All aboard for Beijing-Guangzhou railway

Updated: 2012-12-15 02:40

By XU JINGXI in Guangzhou and AN BAIJIE in Zhengzhou (China Daily)

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The high-speed rail route from Beijing to South China's Guangzhou will open on Dec 26, cutting the journey from 22 hours to around eight, the Ministry of Railways said on Friday.

It is the world's longest high-speed rail route, with a distance of 2,298 km, according to the ministry.

The Beijing-Guangzhou high-speed railway is expected to alleviate the pressure of the travel peak during the upcoming Spring Festival, said the ministry.

The Wuhan-Guangzhou part of the route has been in operation since December 2009 and the Zhengzhou-Wuhan section opened on Sept 28 this year.

The designed speed of the Beijing-Guangzhou high-speed rail route is 350 km per hour, and the speed of the current operating section is about 300 km per hour, according to the ministry.

The Beijing-Zhengzhou section, the last part of the route, with a distance of 693 km, began trial operations on Nov 11.

The trial went smoothly with facilities functioning normally and the crew's emergency response capabilities enhanced, Wang Chunlei, a publicity official from Zhengzhou railway bureau, told China Daily on Friday.

The ticket price of the Beijing-Guangzhou high-speed railway remains unclear, but current prices on the Zhengzhou-Wuhan section show that the average cost per kilometer was 0.73 yuan (12 cents) for first-class and 0.46 yuan for second-class .

The Ministry of Railways released a new railway calendar on Thursday, with 15 more railway lines added, which is scheduled to be in use from Dec 21.

As one of the most important parts of China's high-speed railway network, the Beijing-Guangzhou high-speed railway will enhance transportation capacity and balance economic development between different regions, according to the ministry.

Shuai Bin, a professor at the School of Transportation and Logistics of Southwest Jiaotong University, told China Daily that transportation capacity on the Beijing-Guangzhou railway could not meet business demand in the past, and the high-speed railway is going to improve transportation capacity.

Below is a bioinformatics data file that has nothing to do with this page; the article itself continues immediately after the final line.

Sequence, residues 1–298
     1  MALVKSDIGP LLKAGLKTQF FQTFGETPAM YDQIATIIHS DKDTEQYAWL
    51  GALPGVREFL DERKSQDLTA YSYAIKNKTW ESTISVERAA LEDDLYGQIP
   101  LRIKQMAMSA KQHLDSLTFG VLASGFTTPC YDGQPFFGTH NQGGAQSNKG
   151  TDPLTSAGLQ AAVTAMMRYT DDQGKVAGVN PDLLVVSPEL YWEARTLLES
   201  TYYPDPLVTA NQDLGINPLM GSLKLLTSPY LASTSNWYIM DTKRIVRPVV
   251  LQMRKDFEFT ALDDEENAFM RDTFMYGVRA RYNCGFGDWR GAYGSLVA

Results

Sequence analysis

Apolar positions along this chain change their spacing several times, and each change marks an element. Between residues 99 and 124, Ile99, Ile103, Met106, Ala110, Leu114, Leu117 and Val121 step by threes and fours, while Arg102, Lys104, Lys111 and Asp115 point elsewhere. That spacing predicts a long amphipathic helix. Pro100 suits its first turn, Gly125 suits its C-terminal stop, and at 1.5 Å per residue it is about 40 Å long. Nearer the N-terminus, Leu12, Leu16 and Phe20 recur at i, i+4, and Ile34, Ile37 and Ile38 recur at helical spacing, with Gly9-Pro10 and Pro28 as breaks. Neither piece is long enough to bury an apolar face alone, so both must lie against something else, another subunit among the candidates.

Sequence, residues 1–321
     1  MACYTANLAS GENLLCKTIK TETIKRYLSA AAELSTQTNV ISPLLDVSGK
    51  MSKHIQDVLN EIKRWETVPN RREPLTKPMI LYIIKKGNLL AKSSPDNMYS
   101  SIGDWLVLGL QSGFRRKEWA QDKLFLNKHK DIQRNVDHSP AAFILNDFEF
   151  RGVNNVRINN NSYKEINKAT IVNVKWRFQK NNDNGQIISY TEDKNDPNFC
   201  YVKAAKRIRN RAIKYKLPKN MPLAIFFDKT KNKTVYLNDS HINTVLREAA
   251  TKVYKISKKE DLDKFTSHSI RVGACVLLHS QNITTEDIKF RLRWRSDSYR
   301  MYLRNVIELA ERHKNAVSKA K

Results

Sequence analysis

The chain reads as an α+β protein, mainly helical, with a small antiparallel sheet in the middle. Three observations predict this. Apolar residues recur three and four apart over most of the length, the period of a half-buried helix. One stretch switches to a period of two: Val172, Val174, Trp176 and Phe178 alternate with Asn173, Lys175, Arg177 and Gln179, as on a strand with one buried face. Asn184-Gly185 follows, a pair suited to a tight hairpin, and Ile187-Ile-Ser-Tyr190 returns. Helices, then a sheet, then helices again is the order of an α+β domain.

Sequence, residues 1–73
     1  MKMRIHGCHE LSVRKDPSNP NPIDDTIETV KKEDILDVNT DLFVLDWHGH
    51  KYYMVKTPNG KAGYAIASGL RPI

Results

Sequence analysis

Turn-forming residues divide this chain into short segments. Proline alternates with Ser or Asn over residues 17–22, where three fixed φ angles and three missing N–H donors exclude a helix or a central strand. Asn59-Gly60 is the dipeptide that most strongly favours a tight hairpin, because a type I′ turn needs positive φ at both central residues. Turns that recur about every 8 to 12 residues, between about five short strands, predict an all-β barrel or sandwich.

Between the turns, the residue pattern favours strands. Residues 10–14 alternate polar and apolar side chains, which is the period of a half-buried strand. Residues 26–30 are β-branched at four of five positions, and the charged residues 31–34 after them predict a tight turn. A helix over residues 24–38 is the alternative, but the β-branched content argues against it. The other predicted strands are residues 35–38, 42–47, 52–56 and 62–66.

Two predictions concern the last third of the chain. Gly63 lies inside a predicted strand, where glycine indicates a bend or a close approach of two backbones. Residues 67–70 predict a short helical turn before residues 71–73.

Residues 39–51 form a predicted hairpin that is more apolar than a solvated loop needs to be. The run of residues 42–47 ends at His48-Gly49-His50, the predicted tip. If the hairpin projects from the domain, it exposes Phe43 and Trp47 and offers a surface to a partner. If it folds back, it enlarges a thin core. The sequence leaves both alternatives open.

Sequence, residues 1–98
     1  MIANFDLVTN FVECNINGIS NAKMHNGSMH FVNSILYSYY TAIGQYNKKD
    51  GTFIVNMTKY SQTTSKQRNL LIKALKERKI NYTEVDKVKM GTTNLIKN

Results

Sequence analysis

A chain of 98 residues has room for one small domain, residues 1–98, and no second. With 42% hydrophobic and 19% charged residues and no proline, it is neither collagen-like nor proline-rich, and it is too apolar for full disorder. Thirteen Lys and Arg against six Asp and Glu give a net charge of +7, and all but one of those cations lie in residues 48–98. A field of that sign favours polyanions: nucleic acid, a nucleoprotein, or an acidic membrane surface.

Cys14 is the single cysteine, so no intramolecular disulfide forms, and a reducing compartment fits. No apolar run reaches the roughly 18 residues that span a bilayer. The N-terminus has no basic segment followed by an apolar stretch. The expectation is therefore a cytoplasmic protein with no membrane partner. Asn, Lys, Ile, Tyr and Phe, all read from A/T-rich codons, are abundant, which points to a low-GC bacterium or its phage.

"The high-speed route links Beijing, the political center, with Guangzhou, the industrial hub, which has strategic meaning for China's politics and economy," he said.

Hong Bing, 36, a construction project manager in Zhengzhou who frequently travels to Beijing, said that the opening of the high-speed railway will make his business trips more comfortable and efficient.

"It currently takes at least five-and-a-half hours to travel from Zhengzhou to Beijing by train, but it will be shortened to less than three hours later this month," he said.

Liang Xiuxia, 39, traveled from her rural hometown in Zhoukou, Henan province, to Guangzhou 20 years ago and is now working as a hospital cleaner.

She earns 1,700 yuan per month and regards a ticket home by high-speed rail as "too expensive".

The nearest station along the Beijing-Guangzhou high-speed rail to Liang's hometown is in Luohe city, Henan province. A high-speed railway ticket for a trip from Guangzhou to Luohe will cost at least 586 yuan, more than one-third of Liang's monthly income and three times the price for a seat on an ordinary train.

"I won't consider going home by high-speed rail this Spring Festival because a round trip already costs me more than 1,000 yuan. And I still need to spend another 1,000 yuan to buy gifts for my family back in my hometown," said Liang, whose first choice is traveling by coach, not even by ordinary train, because she doesn't need to transfer to a bus from Luohe to Zhoukou.

She isn't excited about the high-speed railway even though it will take her only about six hours to go home. She would rather be on a bus or an ordinary train for more than 15 hours.

"Saving time doesn't matter to me. Saving money does. I think the main concern for every migrant worker is about money," said Liang.

"I don't eat breakfast to save one or two yuan per day, so I'm unlikely to spend 600 yuan on a train ticket."

The railway authorities should take migrant workers' needs into consideration when developing the high-speed railway, said Shuai Bin, the professor.

"High-speed railway tickets are unaffordable for most migrant workers, so railway authorities should open more low-speed railway lines during travel peak periods such as the Spring Festival," he said.

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Zhang Leilong in Zhengzhou contributed to this story.